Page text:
CBY: Is there a letterer, no longer working today, that you think never got the credit/recognition they deserved and which of their comics should CBY readers check out?
CC: I vote for Bill Oakley. He lettered many titles throughout the '90s, including Action Comics, Avengers, Starman, and Lobo. His work is just perfect. The text is legible, the sound effects are dynamic, and the balloons have a lot of text and plenty of breathing room, which is really difficult to pull off. He was really consistently good, and I can’t point to any specific issues, so I recommend looking him up on ComicVine and choosing whatever grabs you.
CBY: Is there a letterer that is still lettering today that you think doesn’t get enough credit/recognition and which of their comics should CBY readers check out?
CC: I could write at least a dozen names here, but I’ll highlight Becca Carey, who works on Radiant Black and Batgirls (among other things). Whether it’s her digital/hand-drawn SFX or dynamic balloon designs, there’s always something in her work that makes me smack my head and wish I’d thought of it first.
CBY: Which of the comics that you lettered are you most proud of or means the most to you and why?
CC: There’s so much I want to include here. Bitch Planet, DIE, and Redlands were my favorite jobs while I was working on them, and I’d be very happy if any of them came back to life. Also, my inner child is very pleased to be lettering Batman and X-Men. It’s pretty cool to say I work on those two books, and they’re fun to work on, to boot.
CBY: From when you first started lettering comics to today, how would you describe your growth as an artist and, in that time, has the comic industry’s perception of lettering changed?
CC: I’m far more confident now. I worry less, I don’t hesitate to try new things, and I’m far more willing to hold the line if there’s a creative disagreement (though some might say I’ve always been a stubborn mule of a lettering man). But I started lettering when I was 21, and now I’m 34, so I’m not sure whether to call that artistic growth or plain old growth as a person.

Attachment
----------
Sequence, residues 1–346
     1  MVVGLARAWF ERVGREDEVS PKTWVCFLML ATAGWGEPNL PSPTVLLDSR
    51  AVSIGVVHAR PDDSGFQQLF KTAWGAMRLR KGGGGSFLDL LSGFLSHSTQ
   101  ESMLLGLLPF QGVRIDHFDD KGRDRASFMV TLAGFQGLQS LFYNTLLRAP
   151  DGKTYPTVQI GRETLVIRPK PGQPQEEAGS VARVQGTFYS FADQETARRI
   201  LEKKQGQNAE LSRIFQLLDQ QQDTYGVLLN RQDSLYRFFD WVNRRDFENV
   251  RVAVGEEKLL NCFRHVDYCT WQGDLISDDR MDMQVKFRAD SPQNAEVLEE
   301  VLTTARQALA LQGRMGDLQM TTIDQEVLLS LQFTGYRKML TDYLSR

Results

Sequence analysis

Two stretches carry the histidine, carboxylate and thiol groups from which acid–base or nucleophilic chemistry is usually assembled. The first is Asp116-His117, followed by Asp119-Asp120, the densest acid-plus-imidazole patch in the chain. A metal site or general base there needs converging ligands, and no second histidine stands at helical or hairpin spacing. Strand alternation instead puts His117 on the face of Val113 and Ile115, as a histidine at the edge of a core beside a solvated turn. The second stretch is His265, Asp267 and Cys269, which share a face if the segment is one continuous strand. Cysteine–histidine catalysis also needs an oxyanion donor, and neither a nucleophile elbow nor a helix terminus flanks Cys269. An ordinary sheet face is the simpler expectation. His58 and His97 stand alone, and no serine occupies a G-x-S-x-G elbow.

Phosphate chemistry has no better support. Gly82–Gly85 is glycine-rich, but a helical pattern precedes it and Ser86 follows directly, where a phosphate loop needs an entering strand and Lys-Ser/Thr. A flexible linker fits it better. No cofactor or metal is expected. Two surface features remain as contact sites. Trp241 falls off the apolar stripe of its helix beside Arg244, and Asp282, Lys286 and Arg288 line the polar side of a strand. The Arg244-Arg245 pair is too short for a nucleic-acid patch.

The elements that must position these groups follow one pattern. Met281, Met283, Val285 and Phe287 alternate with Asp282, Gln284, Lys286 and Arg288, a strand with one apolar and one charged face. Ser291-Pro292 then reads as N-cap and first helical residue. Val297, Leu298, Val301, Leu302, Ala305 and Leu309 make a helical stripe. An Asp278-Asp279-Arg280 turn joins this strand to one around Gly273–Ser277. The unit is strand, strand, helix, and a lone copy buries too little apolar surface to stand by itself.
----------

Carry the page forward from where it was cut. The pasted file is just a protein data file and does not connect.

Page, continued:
I think lettering is seen more as an art form now. More letterers are recognized for what they contribute to their books and are treated as creative equals to the rest of their team, which is a nice feeling. More digital letterers are nominated for industry awards now too. I was thrilled to see Deron Bennett, Aditya Bidikar, and Rus Wooton receive Eisner nominations last year, and in the past, we would be lucky to see even a single digital letterer receive a nomination.
CBY: If you were the curator for a comics museum, which 3 books do you want to make absolutely sure are included?
CC: Akira by Katsuhiro Otomo, Witch Hat Atelier by Kamome Shirahama, and Excalibur: The Sword is Drawn by Chris Claremont and Alan Davis.
CBY: What current projects are you working on that CBY readers should pick up?
CC: I don’t want to leave out any of my collaborators, so I’ll just list everything, and you, the reader, can choose whatever strikes your fancy.
For DC, I’m working on Batman, Batman ‘89, Batman & Catwoman, Batman: Killing Time, Black Manta, Human Target, Supergirl: The Woman of Tomorrow, and Wonder Woman: Historia.
For Image, I’m working on Adventureman and Ordinary Gods.
For Marvel, I’m working on Alien, Captain Carter, Captain Marvel, Daredevil, Devil’s Reign, Eternals, Immortal X-Men, Legion of X, Secret X-Men, Star Wars, Strange Academy, Venom, Warhammer 40K, X-Men: The Trial of Magneto, and regular X-Men.
Last, but not least, I’m lettering Shadowman for Valiant.
I’m also lettering a book for a Substack newsletter that I’m very excited about, but I can’t talk about it yet. Keep your eyes peeled.
CBY: Wow! When do you sleep? Also, I’d love if Marvel came out with a series that was called Regular X-Men. What’s your favorite comfort food?
CC: Ladies and gentlemen…THE BEATLES!
CBY: Thank you very much!
CC: Thank you!